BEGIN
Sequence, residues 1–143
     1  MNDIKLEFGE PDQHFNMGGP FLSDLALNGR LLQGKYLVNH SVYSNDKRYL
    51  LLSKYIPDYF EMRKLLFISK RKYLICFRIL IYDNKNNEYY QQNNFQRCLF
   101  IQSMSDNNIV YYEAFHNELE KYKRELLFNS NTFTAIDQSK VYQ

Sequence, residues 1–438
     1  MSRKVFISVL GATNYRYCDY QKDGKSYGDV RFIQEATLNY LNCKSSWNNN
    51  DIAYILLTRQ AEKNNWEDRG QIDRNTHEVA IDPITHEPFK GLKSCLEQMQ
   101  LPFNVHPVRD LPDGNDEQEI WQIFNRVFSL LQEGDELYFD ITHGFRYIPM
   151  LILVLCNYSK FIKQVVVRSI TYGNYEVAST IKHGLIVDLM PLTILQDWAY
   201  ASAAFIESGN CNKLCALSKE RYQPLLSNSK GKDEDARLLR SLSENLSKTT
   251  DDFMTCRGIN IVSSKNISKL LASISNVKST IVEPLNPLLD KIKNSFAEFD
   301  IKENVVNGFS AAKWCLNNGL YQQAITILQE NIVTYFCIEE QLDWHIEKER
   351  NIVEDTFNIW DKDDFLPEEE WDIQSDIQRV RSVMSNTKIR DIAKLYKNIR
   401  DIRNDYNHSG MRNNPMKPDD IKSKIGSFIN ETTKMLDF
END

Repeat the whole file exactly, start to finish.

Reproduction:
Sequence, residues 1–143
     1  MNDIKLEFGE PDQHFNMGGP FLSDLALNGR LLQGKYLVNH SVYSNDKRYL
    51  LLSKYIPDYF EMRKLLFISK RKYLICFRIL IYDNKNNEYY QQNNFQRCLF
   101  IQSMSDNNIV YYEAFHNELE KYKRELLFNS NTFTAIDQSK VYQ

Sequence, residues 1–438
     1  MSRKVFISVL GATNYRYCDY QKDGKSYGDV RFIQEATLNY LNCKSSWNNN
    51  DIAYILLTRQ AEKNNWEDRG QIDRNTHEVA IDPITHEPFK GLKSCLEQMQ
   101  LPFNVHPVRD LPDGNDEQEI WQIFNRVFSL LQEGDELYFD ITHGFRYIPM
   151  LILVLCNYSK FIKQVVVRSI TYGNYEVAST IKHGLIVDLM PLTILQDWAY
   201  ASAAFIESGN CNKLCALSKE RYQPLLSNSK GKDEDARLLR SLSENLSKTT
   251  DDFMTCRGIN IVSSKNISKL LASISNVKST IVEPLNPLLD KIKNSFAEFD
   301  IKENVVNGFS AAKWCLNNGL YQQAITILQE NIVTYFCIEE QLDWHIEKER
   351  NIVEDTFNIW DKDDFLPEEE WDIQSDIQRV RSVMSNTKIR DIAKLYKNIR
   401  DIRNDYNHSG MRNNPMKPDD IKSKIGSFIN ETTKMLDF